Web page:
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Before we learn ‘The Fate of the Furious,’ let’s look back on the series’ coolest rides

Love it or hate it, The Fast and the Furious series is the biggest automotive pop culture phenomenon of the past 15 years. Since the first installment premiered in 2001, hundreds of cars have been driven, drifted, and destroyed over the course of seven films. With the eighth movie — The Fate of the Furious — premiering April 14, we decided to look back at some of the most memorable cars from the franchise so far. Buckle up.

Toyota Supra (The Fast and the Furious)

Toyota Supra from 'The Fast and the Furious'

In 2001, The Fast and the Furious took tuned Japanese performance cars mainstream in a big way. This Toyota Supra’s Creamsicle-orange paint and loud graphics may look dated today, but there was nothing cooler at the turn of the Millennium.

Customization choices aside, the Mark IV Supra is one of the all-time greats in the tuner world, a bona fide sports car from an era — the 1990s — when Japan’s automakers seemed to rule the industry. In the movie, Paul Walker’s Brian O’Connor outruns a Ferrari F355 in this particular Supra, a scene that never gets old. Smoke ’em!

Nissan Skyline GT-R R34 (Fast and Furious)

Nissan Skyline GT-R R34 from 'Fast and Furious'

An R34-generation Skyline GT-R had a prominent role in 2 Fast 2 Furious, but we like the cleaner look of the one that appeared in the fourth installment of the franchise, Fast and Furious. Even in plain blue, the R34 looks damn good.

Before the current R35 generation, the GT-R was based on the Japanese-market Nissan Skyline, and wasn’t sold in the U.S. That made it a legend among legions of fans who grew up driving it in Gran Turismo.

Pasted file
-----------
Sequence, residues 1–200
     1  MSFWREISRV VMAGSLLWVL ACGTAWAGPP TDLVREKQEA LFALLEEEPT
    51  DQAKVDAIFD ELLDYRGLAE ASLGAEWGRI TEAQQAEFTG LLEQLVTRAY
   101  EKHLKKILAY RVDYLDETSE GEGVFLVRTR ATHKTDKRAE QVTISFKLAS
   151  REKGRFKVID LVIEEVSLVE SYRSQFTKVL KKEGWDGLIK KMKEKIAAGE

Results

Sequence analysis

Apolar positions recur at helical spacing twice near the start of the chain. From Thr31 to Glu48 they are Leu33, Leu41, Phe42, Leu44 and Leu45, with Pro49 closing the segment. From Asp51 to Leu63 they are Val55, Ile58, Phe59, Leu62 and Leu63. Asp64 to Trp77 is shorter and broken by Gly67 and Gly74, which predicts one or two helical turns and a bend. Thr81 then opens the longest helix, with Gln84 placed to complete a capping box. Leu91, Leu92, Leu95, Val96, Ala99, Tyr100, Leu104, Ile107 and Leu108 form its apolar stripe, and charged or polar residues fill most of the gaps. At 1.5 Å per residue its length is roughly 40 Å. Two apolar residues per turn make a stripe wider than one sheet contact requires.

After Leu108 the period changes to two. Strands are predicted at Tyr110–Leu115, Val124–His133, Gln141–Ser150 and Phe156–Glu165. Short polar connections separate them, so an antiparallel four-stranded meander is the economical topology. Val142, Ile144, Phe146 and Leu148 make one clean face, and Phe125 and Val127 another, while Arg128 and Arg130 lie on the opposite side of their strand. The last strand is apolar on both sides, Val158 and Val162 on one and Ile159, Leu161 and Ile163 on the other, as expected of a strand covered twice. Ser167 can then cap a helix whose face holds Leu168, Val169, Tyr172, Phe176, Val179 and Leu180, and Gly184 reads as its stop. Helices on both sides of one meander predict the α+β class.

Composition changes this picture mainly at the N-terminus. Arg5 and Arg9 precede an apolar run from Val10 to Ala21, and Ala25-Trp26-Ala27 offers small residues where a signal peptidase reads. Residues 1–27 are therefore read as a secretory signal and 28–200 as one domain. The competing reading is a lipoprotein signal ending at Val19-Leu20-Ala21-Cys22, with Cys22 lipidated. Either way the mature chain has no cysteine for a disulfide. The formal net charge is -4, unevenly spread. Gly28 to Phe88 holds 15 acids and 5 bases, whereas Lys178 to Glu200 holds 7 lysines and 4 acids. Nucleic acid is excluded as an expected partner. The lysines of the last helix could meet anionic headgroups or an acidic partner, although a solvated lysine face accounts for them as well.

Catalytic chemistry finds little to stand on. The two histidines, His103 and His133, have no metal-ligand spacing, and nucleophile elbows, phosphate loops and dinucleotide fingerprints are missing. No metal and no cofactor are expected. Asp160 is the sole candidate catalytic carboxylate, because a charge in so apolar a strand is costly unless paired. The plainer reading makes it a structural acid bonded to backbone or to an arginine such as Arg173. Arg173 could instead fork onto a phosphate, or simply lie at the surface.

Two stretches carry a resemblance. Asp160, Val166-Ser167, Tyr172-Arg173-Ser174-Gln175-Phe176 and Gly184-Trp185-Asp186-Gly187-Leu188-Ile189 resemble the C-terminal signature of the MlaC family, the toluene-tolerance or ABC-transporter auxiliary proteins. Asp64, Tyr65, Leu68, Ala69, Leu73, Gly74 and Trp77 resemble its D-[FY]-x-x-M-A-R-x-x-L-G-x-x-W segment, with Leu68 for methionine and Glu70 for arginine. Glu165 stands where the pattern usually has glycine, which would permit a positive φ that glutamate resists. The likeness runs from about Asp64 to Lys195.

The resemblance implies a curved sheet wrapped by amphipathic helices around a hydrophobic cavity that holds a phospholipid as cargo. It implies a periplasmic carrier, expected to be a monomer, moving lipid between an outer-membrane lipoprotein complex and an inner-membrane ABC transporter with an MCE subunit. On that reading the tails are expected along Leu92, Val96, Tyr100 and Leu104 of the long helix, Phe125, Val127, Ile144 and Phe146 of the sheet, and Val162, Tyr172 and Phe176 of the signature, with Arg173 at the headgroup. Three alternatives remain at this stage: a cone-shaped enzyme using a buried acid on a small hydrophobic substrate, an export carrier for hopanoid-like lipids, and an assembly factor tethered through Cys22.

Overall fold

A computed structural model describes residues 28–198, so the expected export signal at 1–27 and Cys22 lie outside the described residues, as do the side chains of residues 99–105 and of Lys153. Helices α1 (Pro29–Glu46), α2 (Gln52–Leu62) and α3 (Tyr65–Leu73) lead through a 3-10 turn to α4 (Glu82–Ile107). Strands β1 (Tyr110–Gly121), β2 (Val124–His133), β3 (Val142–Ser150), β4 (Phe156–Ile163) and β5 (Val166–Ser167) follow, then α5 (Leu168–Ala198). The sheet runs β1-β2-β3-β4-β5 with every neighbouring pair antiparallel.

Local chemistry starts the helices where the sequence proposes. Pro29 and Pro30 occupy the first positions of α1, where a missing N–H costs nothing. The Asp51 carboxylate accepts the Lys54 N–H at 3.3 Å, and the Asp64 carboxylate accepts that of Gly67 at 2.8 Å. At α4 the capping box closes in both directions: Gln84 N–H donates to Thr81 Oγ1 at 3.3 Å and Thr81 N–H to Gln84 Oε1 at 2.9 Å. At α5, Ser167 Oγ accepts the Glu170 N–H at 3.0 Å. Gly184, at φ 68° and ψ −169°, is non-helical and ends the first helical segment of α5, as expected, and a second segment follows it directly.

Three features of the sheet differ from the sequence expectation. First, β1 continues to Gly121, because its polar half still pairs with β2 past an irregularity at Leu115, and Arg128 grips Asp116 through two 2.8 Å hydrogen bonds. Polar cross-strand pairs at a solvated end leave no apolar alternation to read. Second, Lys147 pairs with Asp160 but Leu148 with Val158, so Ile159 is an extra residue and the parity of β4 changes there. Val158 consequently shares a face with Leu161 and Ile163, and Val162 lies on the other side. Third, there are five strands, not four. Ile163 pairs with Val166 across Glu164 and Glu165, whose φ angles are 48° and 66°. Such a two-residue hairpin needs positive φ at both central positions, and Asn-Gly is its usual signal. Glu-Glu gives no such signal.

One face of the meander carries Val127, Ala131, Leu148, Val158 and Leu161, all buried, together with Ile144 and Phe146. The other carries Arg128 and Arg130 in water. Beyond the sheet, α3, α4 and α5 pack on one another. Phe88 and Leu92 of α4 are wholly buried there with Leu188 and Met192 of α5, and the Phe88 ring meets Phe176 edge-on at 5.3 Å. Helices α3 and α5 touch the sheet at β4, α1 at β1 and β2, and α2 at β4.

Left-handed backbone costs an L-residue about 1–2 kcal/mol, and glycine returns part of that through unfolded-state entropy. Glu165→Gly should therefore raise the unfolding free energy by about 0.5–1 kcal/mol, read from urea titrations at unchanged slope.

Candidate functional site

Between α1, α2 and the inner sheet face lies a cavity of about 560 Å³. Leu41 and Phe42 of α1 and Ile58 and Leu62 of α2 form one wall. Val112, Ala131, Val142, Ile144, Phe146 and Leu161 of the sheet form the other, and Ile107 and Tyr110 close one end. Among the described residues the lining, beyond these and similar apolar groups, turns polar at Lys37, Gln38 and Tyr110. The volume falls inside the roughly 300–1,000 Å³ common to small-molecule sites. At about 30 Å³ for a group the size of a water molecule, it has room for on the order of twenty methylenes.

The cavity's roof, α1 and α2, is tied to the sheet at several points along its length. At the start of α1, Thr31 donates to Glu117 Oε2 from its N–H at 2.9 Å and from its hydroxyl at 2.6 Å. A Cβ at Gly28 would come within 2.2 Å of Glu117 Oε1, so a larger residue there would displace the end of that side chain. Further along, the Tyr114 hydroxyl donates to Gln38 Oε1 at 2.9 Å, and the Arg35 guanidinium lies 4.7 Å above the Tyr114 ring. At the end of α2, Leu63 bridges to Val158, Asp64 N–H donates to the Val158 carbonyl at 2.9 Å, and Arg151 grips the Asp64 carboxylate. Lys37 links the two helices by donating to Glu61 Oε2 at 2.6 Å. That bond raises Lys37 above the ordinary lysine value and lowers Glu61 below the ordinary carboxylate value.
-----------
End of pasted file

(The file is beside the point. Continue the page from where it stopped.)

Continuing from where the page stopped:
Dodge Charger (The Fast and the Furious)

Dodge Charger

Vin Diesel’s Dominic Toretto drives some form of Dodge Charger in almost every movie in the series, a precedent started by this fearsome machine. In sinister black with a massive blower sticking out of the hood, and the ability to — on screen at least — do epic wheelies, it’s hard to argue with the Charger for sheer screen presence.

The second-generation Dodge Charger is one of the most iconic American muscle cars. It’s also had plenty of prominent roles in movies and television, from The Dukes of Hazzard to Bullitt. You just can’t keep a good car down.

Yenko Camaro (2 Fast 2 Furious)

Yenko Camaro

Sometimes, there’s no substitute for American muscle. While the glitzed-up cars that populate most of 2 Fast 2 Furious showed the import tuner scene at its cheesiest, the film also features one of the highlights from the golden age of muscle cars.

Back in the day, enterprising Chevrolet dealer Don Yenko built a Camaro that Chevy itself wouldn’t, stuffing a more powerful engine under the self-proclaimed “supercar’s” hood. In addition to being undeniably cool, the Yenko Camaro also starred in one of 2 Fast 2 Furious’ most memorable action scenes — one that involved an improbable jump onto a moving yacht.

Mazda RX-7 (The Fast and the Furious: Tokyo Drift)

Mazda RX-7

The Fast and the Furious franchise has featured a number of wildly modified cars, but this FD-generation RX-7 might be the wildest of them all. Equipped with a Veilside body kit, it’s barely recognizable as one of Mazda’s rotary sports cars. Like its driver — Sung Kang’s Han — the RX-7 met an unfortunate end.

The FD was the third and final generation of the RX-7, elevating the rotary-engine sports car to new levels of performance and prestige. Mazda revisited the rotary engine in the early 2000s with the RX-8, but that model never made the same impact as its predecessor. Fans have been clamoring for a new rotary-powered Mazda since RX-8 production ended in 2012, and Mazda even teased one with 2015’s RX-Vision concept.